[OpenAFS] PAM problem with 1.4.4 and Linux

Simon Wilkinson sxw@inf.ed.ac.uk
Fri, 25 Jan 2008 17:11:14 +0000

Hash: SHA1

On 25 Jan 2008, at 16:54, Jeff Blaine wrote:

> I do have to admit though that I have no idea what "keyring
> based PAGs" means.

AFS typically provides session based PAGs. These allow you to  
seperate your AFS credentials into compartments that are based on a  
session identifier, rather than the UID (so, for instance, two  
processes both running as root may have different sets of AFS  
credentials). This requires that each 'session' have a unique  
identifier associated with it, that's unchangeable by the user and,  
ideally, that persists across changes in UID. Historically, this  
identifier was used by adding the user to two unused groups, whose  
IDs, when combined together would produce the unique number that  
identified that session (or PAG). The user would be added to these  
groups when setpag() was called, and a hook to the kernel's initgroups 
() command would ensure that the groups were copied across UID  
changes. In recent releases the two group IDs have been replaced by a  
single 32 bit group ID, but the rest of the principle is the same.

However, Linux is making it increasingly hard for kernel modules to  
play in this way. The initgroup() hook, in particular, relied on  
finding and patching kernel internals, which are no longer modifiable  
on many kernel builds (exactly what is and isn't possible depends not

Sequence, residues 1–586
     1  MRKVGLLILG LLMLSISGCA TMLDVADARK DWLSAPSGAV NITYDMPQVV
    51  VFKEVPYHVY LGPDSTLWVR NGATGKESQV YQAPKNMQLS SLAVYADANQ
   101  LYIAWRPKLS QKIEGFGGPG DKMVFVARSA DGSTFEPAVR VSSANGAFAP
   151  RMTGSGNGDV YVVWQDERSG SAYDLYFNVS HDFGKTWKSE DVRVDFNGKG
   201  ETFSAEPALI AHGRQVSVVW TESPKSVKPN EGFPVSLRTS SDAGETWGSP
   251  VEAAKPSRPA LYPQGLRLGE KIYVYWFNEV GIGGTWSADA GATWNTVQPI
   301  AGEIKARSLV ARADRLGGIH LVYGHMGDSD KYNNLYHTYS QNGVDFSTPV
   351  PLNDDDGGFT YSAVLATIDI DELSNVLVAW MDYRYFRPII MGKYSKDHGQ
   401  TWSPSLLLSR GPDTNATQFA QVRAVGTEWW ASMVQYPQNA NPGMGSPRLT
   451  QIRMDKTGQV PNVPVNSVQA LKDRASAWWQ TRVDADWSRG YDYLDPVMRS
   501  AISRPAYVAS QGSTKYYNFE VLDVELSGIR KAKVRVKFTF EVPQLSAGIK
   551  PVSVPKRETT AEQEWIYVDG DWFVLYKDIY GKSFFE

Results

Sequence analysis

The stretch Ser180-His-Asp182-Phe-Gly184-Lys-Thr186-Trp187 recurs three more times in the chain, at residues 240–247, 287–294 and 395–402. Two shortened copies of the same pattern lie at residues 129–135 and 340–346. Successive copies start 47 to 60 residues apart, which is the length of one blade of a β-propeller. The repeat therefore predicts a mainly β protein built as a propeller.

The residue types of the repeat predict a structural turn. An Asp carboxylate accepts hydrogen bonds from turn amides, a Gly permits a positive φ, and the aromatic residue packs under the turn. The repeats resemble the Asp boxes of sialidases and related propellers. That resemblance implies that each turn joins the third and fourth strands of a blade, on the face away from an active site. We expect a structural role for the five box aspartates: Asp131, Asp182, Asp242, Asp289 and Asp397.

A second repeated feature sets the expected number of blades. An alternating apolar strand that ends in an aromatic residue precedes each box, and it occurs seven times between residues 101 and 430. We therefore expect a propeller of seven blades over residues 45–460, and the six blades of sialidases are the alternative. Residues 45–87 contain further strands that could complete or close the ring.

on kernel version, but on a multitude of kernel build time options).  
So, an alternative mechanism is used on these kernels.

This alternative mechanism relies on the 'keyring' feature present in  
recent Linux kernels. Keyrings provide a mechanism for associating  
arbitrary information securely with UIDs, processes, or (critically)  
sessions. This can be used for things like kernel credential caches,  
X509 key material, and the like. AFS uses it to hold the PAG  
identifier in a session keyring. This implements the session-based  
PAG behaviour, without requiring the same kernel hackery as the group  
code (it has the added advantage that users don't see random groups  
appearing when they view their group list)

The critical part of the pam_keyinit code is that it clears out the  
current keyring for an incoming user. Session based keyrings suffer  
from the same dangers as PAGs - if the daemon which authenticates the  
user (sshd, for example) has a session keyring, then shells spawned  
by that daemon may inherit those keys. If those keys are ones that  
are private to root, this will probably cause problems!

Hope that helps,


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